By the winter of 1945, the Allies had an overarching plan to keep driving the Germans back. The intent was to push the Germans back, beyond the Rhine River and solidly back into the original boundaries of Germany. The British would attack from the north while French and American armies would hammer away from the south.
For the Americans this was called Operation Undertone, and Day One was March 15, 1945. Herrera’s unit was marching along a road near the town of Mertzwiller, France, very near the German border. There were woods on both sides of the road, and suddenly the 36th Infantry was hit by machine gun fire from two directions.
Many of the men dove for cover, but Herrera spotted the area where the firing was coming from and he ran toward it, firing his M-1 Garand semi-automatic rifle as he ran. (The M-1 has an 8-shot round before reloading is necessary.) When he got closer, he tossed two grenades into the machine gun nest, and the explosions knocked the Germans off their feet. With only a rifle and his own bravery, Herrera continued the attack. By the time he emerged, eight of the Germans had thrown down their weapons and surrendered to him.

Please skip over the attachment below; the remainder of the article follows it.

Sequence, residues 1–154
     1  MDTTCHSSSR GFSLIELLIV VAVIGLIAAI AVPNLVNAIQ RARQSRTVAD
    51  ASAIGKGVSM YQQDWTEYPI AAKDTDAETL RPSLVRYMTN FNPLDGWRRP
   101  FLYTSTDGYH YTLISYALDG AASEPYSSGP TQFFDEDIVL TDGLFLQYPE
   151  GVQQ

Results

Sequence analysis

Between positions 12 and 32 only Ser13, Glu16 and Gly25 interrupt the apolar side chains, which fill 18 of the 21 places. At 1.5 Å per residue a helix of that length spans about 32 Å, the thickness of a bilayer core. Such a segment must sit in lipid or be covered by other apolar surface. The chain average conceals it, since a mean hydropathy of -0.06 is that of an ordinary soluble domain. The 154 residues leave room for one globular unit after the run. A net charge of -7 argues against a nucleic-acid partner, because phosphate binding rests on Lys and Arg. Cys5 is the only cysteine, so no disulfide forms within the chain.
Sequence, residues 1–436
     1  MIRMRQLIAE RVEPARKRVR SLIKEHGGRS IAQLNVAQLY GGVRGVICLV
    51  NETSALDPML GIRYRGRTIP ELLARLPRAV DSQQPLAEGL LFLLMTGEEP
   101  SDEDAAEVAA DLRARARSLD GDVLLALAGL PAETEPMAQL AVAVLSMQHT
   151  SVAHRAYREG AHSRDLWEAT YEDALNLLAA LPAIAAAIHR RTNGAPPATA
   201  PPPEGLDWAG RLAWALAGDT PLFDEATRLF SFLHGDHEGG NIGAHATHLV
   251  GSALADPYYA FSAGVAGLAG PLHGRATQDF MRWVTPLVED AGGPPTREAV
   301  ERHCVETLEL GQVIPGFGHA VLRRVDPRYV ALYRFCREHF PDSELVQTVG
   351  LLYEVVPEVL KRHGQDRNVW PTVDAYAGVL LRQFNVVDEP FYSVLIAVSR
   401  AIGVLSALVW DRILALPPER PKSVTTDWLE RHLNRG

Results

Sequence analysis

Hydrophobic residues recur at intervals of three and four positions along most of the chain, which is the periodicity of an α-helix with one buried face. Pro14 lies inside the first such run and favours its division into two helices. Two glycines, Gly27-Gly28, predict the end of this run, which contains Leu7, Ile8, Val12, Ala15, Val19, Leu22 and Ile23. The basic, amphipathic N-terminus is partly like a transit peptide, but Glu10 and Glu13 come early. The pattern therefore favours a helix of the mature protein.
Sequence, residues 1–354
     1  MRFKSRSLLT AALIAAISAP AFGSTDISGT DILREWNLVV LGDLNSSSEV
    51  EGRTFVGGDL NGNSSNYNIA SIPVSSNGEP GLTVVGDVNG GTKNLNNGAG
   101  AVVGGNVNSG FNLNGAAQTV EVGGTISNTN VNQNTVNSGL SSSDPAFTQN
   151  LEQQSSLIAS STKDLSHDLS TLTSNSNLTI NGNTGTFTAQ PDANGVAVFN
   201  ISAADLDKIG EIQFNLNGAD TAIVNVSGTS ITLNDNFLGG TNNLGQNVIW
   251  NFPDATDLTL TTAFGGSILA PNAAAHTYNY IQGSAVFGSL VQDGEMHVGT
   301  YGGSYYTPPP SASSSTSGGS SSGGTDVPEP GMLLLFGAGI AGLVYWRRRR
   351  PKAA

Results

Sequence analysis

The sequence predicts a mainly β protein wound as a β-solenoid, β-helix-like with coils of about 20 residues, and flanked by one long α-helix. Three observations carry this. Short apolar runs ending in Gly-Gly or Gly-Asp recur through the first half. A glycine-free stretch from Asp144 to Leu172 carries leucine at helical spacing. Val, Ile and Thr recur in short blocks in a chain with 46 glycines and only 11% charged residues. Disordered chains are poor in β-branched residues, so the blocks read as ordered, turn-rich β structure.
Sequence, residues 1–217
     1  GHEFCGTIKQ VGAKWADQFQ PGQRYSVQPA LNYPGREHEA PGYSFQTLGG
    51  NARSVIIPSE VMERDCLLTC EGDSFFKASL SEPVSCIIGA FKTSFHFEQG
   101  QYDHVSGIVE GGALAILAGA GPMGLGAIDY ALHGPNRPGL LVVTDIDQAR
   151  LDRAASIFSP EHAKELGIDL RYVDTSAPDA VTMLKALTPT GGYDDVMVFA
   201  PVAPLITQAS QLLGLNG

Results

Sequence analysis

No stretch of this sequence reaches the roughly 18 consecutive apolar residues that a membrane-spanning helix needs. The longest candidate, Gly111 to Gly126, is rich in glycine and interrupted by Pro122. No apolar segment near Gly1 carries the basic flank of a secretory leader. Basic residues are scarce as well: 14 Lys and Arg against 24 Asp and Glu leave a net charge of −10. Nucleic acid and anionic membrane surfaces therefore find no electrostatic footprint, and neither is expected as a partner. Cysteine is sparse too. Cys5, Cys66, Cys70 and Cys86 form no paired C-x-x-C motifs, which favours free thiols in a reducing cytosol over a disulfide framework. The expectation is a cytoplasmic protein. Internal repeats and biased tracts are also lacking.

Herrera marched them back to his squad where others took responsibility for the captives, and Herrera, who later said he couldn’t hear the commanding officer anyway, took matters into his own hands and ran for the second place from which machine guns were being fired.
That area, unfortunately, was laced with landmines. Allied soldiers had been peppering the area with rocks, attempting to set off the landmines and thereby, make it safer to cross. Unfortunately, there were mines they had not yet triggered, and Herrera still hit one as he ran. The explosion brought him down, severing both his feet at the ankles. Herrera was still conscious so he kept firing, trying to draw attention to himself while the rest of the platoon flanked the machine gun emplacement and captured the enemy.
Following that battle, Herrera was taken to a field hospital to begin the long process of recovery.